Goal-oriented management of computation and data - overview
Our group focuses on a broad set of topics pertaining to the management of computation and data in large-scale distributed environments where resources are shared among multiple applications and users. Most recently, systems like these are studied in the context of cloud computing. We are developing management technologies to enable advanced workload-centric pattern deployment and life-cycle policies in private and hybrid cloud contexts and across multiple heterogeneous clouds. Workload-centric approach focuses on a holistic view of an application including its compute, network, and storage components, recognizes relationships between them and permits diverse goals and policies to be associated with such workloads. Our most recent interest is in workload scheduling solutions for AI workloads, which require innovations in batch scheduling and in efficient management of batch workloads with interactive workloads (AI inferencing).
To solve this interdisciplinary problem, we are pursuing research in several areas:
Distributed systems: We study concurrency, resilience, and scalability issues of workload scheduling in large scale clouds.
Optimization theory: We develop new solutions for solving assignment problems with non-linear objectives
Control theory: We study issues of stability and responsiveness
Performance modeling: We develop analytic models of workload performance, security, and availability
Analytics and AI technologies: We leverage AI and statistical models to learn new insights from observations when we do not have complete information about the managed system
We like seeing our system work. We prototype all our solutions while leveraging opensource technologies such as Kubernetes. We also contribute to kube-arbitrator project.
One key aspect management tackled by our team over recent years has been the allocation of resources (CPU, memory, disk, storage, etc.) to applications. One resource allocation technique we investigate is application placement. We first studied this problem in the context of middleware environments, such as IBM WebSphere, where resource allocation may be performed by controlling the number and placement of application servers running a replica of an application. We developed Application Placement Controller, which dynamically adjusts the number and placement of application replicas so as to maximize the overall system utility and obey a variety of configurable constraints.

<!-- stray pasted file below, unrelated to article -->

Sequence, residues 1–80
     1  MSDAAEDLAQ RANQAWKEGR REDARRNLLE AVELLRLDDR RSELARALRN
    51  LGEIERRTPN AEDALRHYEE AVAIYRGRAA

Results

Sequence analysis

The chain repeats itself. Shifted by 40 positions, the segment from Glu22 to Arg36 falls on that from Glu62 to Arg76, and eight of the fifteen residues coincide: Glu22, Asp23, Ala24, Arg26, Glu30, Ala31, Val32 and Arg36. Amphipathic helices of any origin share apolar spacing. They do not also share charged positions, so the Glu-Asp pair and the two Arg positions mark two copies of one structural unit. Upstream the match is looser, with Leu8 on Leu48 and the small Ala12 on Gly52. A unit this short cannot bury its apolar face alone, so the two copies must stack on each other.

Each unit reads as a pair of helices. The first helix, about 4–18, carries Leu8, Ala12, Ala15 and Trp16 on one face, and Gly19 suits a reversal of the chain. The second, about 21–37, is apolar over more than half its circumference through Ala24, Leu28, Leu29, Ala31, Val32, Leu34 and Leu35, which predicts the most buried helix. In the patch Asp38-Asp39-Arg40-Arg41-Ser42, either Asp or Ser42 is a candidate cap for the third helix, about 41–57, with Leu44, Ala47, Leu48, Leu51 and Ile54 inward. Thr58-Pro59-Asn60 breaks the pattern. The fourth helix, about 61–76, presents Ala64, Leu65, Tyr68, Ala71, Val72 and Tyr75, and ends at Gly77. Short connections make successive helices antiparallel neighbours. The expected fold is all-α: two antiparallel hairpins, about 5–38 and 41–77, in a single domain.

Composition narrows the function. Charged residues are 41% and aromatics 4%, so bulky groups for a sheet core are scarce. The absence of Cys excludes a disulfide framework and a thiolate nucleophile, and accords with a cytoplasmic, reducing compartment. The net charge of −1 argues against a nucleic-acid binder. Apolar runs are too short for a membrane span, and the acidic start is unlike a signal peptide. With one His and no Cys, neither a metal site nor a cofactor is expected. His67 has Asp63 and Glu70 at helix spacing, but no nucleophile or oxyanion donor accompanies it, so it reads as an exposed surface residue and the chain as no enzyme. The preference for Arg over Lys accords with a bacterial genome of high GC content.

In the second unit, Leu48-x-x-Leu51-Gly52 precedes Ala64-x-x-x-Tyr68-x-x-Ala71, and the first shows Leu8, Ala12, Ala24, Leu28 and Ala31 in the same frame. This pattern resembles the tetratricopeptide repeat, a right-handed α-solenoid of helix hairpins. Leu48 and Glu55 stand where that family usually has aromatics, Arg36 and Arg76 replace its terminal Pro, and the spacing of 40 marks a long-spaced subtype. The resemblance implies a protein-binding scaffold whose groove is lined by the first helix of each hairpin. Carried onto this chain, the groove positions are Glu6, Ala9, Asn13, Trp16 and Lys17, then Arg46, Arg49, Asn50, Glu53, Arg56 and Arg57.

With the increasing popularity of virtualization, we investigated the application of our application placement technology to placement of virtual machines. We developed Vespa, a highly efficient and scalable placement controller for virtual machines. We developed technologies to estimate VM demand in black-box manner, model and optimize for software licence limits, and manage electrical energy usage by dynamic server consolidation.
In the context of application server middleware platforms, we also studied techniques to perform request load balancing and flow control. We developed technology to differentiate SLAs of request flows (such as response time or relative delay) by traffic shaping at the edge L7 proxy.
To implement these resource management systems, we also developed a scalable and low-overhead communication layer, called Bison.
Most recently, we investigated techniques to improve performance and reliability of multi-stage data flows running in a large scale data analytic environments. We studied ways to better manage intermediate data of MapReduce jobs, to dynamically control the replication factor of intermediate data in a data flow, and to perform resource and SLA-aware scheduling of MapReduce jobs.